Orthopädie am Rhy

Basel, Rheinfelden, Liestal

ORTHOPÄDIE AM RHY – specialists in Orthopaedic treatments for the hand and elbow

Hand surgery is specialised care

The hand is a marvel. It is our finest tool. On the one hand it is very strong, on the other hand very sensitive and precise. Humans owe their modern identity above all to their manual dexterity.

We only realise how many simple and complex movements we unconsciously perform with our hands every day when this tool fails to function normally. The demands on our hands have grown enormously. It is therefore not surprising that hand surgery has developed into an independent specialist area. I can afford to specialise exclusively in the functional unit of the hand (including the elbow).

The hand with its special anatomical structure and its complex tendons and joint structures is a particularly delightful challenge which enthuses and fascinates me. 

Hands and elbows – an overview of our treatments

The navicular bone is one of the eight carpal bones which performs the greatest range of motion when moving the wrist. Due to this high degree of mobility, however, the bone is less well supplied with blood, which means that it needs longer to heal in the event of a fracture.

A typical situation which leads to a fracture is the reflexive reaction of stretching out your arms to prevent yourself from falling. The symptoms only last for a short time, so most people don’t go to the doctor about them. These breaks are often difficult to see in a conventional X-ray, which is why computer tomography may be necessary.

Depending on the location of the scaphoid fracture, a conservative measure may be discussed, such as immobilisation with a plaster cast, or else a surgical procedure, such as stabilisation by means of a screw. 

As with many other joints, it is also possible to perform an arthroscopy of the wrist area. A small camera (1.9mm) is inserted into the wrist using a tube as fine as a pin. Special instruments such as tactile hooks, small scissors and other instruments for treatment in the wrist can be inserted through an additional working access.

This method allows the actually prevailing conditions to be seen, which enables optimal and minimally invasive treatment, in other words with as little disruption to the body as possible. Some wrist changes and/or injuries can be treated well with this technique. For the same reason, a close-up examination can also be carried out prior to a further operation and can support optimal planning of the operative procedure.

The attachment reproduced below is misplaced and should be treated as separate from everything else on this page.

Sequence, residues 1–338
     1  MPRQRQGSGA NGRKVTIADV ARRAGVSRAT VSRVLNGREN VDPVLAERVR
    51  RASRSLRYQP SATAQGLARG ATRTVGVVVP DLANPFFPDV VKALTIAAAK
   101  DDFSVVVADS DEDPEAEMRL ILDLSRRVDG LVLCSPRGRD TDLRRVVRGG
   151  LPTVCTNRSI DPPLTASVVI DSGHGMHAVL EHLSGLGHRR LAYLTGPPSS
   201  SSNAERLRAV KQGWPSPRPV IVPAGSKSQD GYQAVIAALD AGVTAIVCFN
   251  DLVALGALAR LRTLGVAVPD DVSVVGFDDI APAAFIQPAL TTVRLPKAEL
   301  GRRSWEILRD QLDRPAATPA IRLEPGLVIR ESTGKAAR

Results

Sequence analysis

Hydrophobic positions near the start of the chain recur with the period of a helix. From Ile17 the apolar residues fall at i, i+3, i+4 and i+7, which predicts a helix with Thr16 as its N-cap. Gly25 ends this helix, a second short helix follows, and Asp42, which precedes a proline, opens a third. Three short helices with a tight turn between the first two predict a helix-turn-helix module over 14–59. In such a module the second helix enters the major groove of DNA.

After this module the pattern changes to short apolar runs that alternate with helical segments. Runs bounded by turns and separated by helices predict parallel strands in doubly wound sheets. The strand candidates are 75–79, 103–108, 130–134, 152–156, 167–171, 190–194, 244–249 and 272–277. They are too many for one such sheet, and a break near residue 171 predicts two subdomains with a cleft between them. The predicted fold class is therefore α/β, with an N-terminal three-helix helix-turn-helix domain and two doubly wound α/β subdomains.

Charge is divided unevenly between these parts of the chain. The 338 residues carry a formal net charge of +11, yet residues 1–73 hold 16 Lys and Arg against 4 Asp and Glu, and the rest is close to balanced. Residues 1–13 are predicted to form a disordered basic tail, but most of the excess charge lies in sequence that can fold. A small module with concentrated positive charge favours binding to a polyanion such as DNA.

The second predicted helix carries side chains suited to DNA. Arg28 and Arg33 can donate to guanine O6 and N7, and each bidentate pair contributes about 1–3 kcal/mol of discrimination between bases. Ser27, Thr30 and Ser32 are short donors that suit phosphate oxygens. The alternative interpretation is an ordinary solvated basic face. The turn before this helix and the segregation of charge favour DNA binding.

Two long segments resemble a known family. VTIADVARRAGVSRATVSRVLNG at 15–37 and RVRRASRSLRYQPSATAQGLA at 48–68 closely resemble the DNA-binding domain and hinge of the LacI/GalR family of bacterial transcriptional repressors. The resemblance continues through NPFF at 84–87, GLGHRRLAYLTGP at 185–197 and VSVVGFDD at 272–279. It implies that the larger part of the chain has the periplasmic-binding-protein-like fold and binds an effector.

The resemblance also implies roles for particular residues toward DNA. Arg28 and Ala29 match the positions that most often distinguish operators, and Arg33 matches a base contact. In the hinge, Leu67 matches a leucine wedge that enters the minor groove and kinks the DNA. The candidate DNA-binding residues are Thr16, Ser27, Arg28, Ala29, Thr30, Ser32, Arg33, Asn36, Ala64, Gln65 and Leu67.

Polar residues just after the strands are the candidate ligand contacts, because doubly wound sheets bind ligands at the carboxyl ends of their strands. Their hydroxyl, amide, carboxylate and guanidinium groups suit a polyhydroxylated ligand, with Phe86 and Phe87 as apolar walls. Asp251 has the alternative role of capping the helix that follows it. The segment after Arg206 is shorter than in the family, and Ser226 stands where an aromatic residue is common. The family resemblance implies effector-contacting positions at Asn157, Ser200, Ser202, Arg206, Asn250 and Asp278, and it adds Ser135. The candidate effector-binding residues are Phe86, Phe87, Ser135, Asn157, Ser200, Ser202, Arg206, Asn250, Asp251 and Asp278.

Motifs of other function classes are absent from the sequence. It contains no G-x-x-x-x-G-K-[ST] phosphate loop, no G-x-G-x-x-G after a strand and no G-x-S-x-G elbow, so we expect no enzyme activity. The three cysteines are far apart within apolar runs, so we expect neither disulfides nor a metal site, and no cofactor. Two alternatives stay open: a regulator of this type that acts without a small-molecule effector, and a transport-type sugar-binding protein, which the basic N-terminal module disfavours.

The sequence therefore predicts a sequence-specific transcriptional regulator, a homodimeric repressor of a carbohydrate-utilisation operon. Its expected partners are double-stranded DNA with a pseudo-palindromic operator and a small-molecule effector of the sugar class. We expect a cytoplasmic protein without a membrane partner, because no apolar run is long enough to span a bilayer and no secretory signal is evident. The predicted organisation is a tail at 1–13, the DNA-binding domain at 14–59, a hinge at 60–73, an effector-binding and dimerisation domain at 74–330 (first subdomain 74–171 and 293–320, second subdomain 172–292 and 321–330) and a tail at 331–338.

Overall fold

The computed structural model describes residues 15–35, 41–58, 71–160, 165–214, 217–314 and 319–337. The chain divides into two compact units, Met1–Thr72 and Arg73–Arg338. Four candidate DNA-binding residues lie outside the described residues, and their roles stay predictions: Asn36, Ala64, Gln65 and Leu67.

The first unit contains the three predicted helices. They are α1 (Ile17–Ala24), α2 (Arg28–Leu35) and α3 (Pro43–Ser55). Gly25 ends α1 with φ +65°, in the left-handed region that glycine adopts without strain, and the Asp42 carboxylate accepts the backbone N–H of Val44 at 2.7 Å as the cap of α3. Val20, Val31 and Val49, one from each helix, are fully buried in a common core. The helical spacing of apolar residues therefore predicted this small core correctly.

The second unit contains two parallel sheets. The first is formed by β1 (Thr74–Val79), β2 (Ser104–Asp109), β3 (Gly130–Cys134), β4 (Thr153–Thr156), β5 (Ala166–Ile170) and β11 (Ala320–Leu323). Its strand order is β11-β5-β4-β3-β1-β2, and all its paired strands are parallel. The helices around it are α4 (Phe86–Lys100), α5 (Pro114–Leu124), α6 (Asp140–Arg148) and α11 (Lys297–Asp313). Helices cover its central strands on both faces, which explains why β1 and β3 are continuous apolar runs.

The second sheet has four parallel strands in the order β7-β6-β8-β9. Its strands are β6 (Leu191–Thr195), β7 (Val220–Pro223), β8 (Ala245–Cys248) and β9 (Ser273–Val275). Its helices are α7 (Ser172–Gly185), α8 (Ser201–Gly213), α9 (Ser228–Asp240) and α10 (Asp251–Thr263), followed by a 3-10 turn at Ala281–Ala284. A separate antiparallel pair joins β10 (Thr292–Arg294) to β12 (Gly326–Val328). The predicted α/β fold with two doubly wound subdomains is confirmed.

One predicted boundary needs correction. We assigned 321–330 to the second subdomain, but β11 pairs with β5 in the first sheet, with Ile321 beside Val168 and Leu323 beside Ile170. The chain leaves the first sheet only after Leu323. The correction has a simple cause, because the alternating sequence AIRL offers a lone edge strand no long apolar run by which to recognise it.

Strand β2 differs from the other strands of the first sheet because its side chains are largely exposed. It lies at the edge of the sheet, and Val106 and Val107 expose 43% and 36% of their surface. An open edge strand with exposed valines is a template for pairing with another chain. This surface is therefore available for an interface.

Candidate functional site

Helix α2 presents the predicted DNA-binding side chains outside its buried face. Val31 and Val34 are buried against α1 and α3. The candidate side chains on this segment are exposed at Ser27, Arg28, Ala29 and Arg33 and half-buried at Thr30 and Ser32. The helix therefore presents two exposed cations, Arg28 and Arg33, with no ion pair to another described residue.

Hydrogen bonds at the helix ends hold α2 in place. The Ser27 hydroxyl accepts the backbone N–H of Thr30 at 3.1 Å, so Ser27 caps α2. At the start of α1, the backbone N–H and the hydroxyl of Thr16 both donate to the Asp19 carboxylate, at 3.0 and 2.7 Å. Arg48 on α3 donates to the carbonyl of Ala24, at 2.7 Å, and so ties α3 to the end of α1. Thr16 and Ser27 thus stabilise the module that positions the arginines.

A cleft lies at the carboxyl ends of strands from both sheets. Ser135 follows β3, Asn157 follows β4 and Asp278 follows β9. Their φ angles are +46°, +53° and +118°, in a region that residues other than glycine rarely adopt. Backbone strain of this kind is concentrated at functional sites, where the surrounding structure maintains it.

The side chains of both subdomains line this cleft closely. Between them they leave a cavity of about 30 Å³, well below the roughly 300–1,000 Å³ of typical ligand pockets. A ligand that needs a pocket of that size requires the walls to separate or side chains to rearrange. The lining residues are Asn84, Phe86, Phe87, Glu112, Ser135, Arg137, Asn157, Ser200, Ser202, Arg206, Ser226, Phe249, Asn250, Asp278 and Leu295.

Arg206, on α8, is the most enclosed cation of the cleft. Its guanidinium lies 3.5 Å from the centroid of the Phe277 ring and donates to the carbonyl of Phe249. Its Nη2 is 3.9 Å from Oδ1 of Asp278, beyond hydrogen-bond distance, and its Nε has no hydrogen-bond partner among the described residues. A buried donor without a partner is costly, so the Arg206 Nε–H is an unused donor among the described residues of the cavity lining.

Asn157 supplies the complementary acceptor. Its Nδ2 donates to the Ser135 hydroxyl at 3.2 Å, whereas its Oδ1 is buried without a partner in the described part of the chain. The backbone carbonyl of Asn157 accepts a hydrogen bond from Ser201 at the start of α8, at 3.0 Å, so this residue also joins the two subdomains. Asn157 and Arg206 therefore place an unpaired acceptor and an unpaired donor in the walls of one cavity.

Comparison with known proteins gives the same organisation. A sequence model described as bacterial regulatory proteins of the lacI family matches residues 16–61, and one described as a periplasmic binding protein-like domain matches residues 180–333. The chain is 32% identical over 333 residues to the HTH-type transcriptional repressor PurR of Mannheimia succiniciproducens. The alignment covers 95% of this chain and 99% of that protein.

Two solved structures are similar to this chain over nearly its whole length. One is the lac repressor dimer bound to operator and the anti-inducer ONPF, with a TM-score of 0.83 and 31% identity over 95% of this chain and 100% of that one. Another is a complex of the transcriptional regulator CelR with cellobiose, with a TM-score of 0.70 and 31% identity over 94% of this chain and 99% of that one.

The distal radius fracture is the most common break in the human body. It is located in the wrist area. Wrist structures are also often involved.

Depending on the path of the fracture, it may be possible to treat it conservatively, i.e. without surgery.

If an operation proves necessary, the fracture can usually be treated with a state-of-the-art plate system (titanium plates and screws) to provide stability for exercise. The broken bone is thus strengthened by the plate to such an extent that the injured area can be exercised in physiotherapy after just a few days. Immobilisation and the wearing of a protective wrist cuff is necessary for a few weeks. If the bone heals well (X-ray controls), the load can often be increased, reaching full load after 4-8 weeks. 

Due to its high degree of mobility, the scaphoid bone unfortunately has a poor blood supply. If a scaphoid fracture is not detected, the bone frequently does not heal in one piece but forms into two separate bone fragments. These bone fragments are often linked by connective tissue of variable consistency. The medical term for this is a pseudarthrosis.

Having a pseudarthrosis can lead to premature wear and tear in the wrist. Pseudarthrosis of the scaphoid bone is often discovered by chance, sometimes only when subsequent wear and tear in the wrist cause discomfort.

A pseudarthrosis can be remedied by a number of measures. Decisions are made on a case-by-case basis and must be discussed carefully with the patient.

Since the scaphoid bone has a poor blood supply, such treatments often take a long time. 

If the little finger and the ring finger tingle, keep falling asleep or are permanently numb, if the function of the hand is becoming gradually weaker, this may indicate a restriction of the nerve at the side of the elbow (ulnar nerve).